Talking ‘Bout a (Media) Revolution

“People who are in a revolution never know they are part of one until it is over”. So said Antony Mayfield, Head of Content and Media at iCrossing UK, in his lecture, Journalism in the Age of Networks. I never really considered this before, but now I know, how could I not have realised it?

As I think back over my time spent in this media revolution we are supposedly part of, the pace of change can be mapped by certain objects I obtained over the years.

I remember getting my first typewriter from Santa, my hours spent happily typing away and the frustration I felt when I made a mistake and I couldn’t just press the delete button.

hermes

Some years later my dad arrived with the biggest PC you have ever seen. It took two people to carry it up the stairs and four or five to install it. The only thing we played on it was Pacman and Lemmings. I thought it was the best invention ever, even though it was really only a bunch of shapes moving around the screen.

lemmings

After that I got a Gameboy, which I definitely thought was the best invention ever. My books were discarded to the bottom of my wardrobe, my parents didn’t mind and it never occurred to them I might develop RSI in later life (an increasing worry of mine due to my constant texting).

During this time my sisters replaced their walkmans with portable CD players, my dad got a brand new DVD player.

I never had a Super Nintendo Entertainment System or a Sega Mega Drive, but my friends did, and yeah, I thought they were the best invention ever. Then came Playstations, mobile phones, PSPs, IPods, SkyPlus etc etc. When I lived in Japan, even the toilets were computerised.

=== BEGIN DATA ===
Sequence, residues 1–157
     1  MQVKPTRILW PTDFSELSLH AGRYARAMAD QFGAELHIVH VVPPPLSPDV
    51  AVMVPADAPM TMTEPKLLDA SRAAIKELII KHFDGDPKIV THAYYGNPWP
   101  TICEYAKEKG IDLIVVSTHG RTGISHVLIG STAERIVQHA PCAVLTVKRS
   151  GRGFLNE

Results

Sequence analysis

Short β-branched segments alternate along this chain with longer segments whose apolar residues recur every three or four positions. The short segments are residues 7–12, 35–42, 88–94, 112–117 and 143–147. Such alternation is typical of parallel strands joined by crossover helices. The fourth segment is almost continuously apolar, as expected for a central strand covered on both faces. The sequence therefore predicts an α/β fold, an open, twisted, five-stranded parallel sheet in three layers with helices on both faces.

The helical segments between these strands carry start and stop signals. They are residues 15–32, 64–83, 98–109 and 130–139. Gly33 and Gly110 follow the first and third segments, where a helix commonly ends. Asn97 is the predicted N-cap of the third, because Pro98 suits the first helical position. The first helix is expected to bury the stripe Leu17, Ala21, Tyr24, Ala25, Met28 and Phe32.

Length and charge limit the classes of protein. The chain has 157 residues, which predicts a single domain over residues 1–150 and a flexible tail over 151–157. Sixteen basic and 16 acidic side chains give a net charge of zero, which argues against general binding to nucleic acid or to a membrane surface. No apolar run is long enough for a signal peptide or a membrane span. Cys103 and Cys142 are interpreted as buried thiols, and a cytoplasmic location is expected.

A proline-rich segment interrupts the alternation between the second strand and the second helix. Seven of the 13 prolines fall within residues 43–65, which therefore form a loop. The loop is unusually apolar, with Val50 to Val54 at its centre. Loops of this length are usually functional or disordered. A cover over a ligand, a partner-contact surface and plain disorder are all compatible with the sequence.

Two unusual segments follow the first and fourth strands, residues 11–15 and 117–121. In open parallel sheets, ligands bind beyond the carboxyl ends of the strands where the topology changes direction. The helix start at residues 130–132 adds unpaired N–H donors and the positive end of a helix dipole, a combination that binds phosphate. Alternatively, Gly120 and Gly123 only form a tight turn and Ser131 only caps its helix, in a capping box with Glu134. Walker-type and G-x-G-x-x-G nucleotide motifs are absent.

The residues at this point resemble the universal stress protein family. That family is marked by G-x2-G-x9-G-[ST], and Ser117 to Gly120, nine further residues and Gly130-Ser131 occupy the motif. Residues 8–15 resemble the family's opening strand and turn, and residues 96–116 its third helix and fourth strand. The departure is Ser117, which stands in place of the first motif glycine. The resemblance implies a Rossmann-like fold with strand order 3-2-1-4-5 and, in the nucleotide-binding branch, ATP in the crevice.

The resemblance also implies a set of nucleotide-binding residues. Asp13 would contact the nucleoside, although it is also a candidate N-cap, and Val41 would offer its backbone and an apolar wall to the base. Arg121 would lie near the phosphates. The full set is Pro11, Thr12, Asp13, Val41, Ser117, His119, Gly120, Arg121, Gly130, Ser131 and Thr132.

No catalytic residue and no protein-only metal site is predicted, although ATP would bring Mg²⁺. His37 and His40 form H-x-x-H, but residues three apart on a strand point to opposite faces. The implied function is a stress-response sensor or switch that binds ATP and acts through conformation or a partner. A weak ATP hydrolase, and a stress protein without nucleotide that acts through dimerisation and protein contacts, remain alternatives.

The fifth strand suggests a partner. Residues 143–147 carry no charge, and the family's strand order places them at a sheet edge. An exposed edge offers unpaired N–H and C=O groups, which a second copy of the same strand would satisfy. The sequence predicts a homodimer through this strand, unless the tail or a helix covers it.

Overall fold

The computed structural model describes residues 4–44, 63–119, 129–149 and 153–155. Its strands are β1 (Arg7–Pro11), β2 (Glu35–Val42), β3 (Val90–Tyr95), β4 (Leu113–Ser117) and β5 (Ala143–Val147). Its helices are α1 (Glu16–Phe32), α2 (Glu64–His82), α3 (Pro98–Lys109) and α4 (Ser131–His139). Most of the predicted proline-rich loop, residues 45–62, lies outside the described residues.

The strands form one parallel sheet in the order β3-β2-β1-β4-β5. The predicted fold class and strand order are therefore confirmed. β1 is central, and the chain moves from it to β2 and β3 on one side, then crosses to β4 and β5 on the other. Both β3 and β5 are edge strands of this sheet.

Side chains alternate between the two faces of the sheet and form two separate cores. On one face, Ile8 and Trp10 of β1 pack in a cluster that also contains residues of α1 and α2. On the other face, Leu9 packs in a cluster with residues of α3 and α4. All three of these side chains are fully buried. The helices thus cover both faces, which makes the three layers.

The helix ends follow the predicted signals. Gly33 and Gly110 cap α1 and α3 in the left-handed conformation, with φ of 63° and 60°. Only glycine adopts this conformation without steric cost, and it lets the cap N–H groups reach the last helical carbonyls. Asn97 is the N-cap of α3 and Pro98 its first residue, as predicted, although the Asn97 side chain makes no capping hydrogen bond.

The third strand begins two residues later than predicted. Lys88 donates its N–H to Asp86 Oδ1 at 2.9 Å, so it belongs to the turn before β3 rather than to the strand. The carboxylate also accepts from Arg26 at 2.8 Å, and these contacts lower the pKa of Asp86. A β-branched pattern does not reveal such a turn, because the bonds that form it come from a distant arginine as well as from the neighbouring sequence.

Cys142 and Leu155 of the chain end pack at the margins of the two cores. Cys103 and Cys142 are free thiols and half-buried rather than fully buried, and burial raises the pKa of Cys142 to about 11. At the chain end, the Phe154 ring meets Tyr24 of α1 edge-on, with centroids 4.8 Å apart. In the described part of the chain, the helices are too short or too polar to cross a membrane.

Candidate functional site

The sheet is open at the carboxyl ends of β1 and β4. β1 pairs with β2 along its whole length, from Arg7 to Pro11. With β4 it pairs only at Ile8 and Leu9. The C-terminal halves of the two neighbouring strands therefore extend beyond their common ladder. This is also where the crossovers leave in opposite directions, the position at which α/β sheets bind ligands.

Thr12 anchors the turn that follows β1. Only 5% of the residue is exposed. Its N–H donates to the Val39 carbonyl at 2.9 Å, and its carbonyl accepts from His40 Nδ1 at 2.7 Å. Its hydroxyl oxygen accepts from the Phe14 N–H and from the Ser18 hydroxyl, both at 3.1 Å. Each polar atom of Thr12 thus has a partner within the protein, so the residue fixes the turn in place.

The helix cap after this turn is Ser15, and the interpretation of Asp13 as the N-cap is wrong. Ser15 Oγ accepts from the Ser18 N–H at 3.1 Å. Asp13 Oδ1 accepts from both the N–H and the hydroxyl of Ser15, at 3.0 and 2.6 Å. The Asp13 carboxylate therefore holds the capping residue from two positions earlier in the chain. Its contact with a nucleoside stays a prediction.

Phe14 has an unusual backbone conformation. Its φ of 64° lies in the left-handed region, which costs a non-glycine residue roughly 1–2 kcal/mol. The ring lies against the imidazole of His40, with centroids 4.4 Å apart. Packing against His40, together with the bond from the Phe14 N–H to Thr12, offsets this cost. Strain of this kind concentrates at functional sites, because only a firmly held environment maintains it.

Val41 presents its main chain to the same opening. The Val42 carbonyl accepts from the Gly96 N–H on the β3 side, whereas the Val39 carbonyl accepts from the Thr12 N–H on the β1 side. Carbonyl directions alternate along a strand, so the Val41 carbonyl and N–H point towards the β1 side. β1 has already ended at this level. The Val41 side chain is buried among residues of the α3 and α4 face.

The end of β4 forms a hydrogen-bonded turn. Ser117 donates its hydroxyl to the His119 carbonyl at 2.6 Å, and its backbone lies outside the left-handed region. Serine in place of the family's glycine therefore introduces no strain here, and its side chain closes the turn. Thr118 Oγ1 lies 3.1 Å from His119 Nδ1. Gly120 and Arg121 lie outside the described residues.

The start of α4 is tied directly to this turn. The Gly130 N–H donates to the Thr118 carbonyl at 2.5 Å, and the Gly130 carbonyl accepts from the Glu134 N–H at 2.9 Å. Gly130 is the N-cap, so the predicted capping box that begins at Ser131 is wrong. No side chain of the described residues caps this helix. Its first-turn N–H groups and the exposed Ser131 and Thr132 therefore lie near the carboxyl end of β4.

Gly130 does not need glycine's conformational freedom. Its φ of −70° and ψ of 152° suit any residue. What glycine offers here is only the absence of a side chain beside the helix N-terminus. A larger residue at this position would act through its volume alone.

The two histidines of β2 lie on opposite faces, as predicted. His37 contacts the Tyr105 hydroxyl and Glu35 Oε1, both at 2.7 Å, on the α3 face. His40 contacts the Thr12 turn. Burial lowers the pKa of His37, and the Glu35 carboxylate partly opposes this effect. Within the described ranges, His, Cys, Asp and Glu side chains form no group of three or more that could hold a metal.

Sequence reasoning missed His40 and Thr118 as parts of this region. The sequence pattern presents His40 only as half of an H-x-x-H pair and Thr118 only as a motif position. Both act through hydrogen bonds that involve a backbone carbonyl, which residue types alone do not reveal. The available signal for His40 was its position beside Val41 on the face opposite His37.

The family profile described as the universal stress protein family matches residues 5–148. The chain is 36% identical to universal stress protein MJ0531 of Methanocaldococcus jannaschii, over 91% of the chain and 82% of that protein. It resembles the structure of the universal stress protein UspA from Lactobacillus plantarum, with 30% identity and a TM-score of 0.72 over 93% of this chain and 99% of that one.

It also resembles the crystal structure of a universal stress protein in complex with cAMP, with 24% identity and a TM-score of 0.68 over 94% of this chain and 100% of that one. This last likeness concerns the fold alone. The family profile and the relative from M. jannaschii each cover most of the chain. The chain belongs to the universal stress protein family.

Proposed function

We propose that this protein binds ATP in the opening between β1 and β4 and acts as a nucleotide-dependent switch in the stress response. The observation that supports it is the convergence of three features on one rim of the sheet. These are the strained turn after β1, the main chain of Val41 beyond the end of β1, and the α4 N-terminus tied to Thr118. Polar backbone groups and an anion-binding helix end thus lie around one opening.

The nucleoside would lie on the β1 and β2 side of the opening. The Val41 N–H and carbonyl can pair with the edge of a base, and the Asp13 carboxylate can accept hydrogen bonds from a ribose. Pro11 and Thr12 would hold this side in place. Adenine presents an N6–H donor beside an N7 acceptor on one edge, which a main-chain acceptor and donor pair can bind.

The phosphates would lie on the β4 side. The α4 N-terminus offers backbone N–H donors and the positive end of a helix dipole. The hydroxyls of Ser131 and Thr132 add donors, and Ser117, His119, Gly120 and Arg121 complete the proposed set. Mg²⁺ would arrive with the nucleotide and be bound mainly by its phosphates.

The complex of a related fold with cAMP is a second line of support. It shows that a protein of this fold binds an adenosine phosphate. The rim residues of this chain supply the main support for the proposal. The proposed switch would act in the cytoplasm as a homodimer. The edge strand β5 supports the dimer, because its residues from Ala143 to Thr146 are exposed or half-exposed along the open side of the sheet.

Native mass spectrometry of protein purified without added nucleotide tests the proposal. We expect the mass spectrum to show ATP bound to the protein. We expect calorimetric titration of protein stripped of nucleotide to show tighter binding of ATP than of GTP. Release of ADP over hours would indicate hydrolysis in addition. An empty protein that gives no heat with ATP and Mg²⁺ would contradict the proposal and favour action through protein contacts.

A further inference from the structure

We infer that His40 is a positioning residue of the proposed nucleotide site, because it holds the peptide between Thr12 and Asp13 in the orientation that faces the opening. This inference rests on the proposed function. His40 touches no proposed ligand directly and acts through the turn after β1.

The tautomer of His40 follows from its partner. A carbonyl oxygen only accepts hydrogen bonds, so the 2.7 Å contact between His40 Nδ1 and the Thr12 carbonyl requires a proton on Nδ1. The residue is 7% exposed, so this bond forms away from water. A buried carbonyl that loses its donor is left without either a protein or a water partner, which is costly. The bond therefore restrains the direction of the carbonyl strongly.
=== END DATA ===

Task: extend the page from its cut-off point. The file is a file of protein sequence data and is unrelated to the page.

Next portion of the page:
jajan_toilet

So are we in a media revolution?

Wikipedia says a revolution is a fundamental change in power or organizational structures that takes place in a relatively short period of time. Their results include major changes in culture, economy, and socio-political institutions. I think it is safe to say we have witnessed this, ever since the dawn of the digital age. The question is, what will this revolution look like in five, ten or twenty years?

In an age where we can now skip through ads, read our news online, make ourselves worldwide video stars, talk to people we have never met thousands of miles away, edit the world’s biggest encyclopaedia, challenge journalists and even become journalists ourselves, all at the click of a button – what will they think of next?

I imagine children will read eBooks in bed, everything will be voice activated, nothing will be manual, cars will drive themselves, food will cook itself, everything will become smaller, only people will become bigger. Weapons will become more powerful, governments less so. Intelligence and national security will be stepped up, yet the average person will be watched twenty-four hours a day, seven days a week.

bigbrotherlogo460

Mao Zedong once said: “A revolution is not a dinner party, nor an essay, nor a painting, nor a piece of embroidery; it cannot be advanced softly, gradually, carefully, considerately, respectfully, politely, plainly, and modestly. A revolution is an insurrection, an act of violence by which one class overthrows another.”

In an age where Google dominates the web, with an 80 percent market share of search engines and daily tracking a trillion web pages, you could safely say they are the dominant class of the World Wide Web. With technology advancing as fast as it is, will we see a power bigger than Google emerge and overthrow it? I think we will, it is merely a question of how and when.

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One Comment on “Talking ‘Bout a (Media) Revolution”

  1. strangerinbluesuedeshoes Says:

    Rachel, I have gradually been deleting non-MagDip blogs from my Netvibes as it becomes clear they are not worth keeping up with, but yours is brilliantly inspiring – and therefore guaranteed a valuable spot on the relevant tab.


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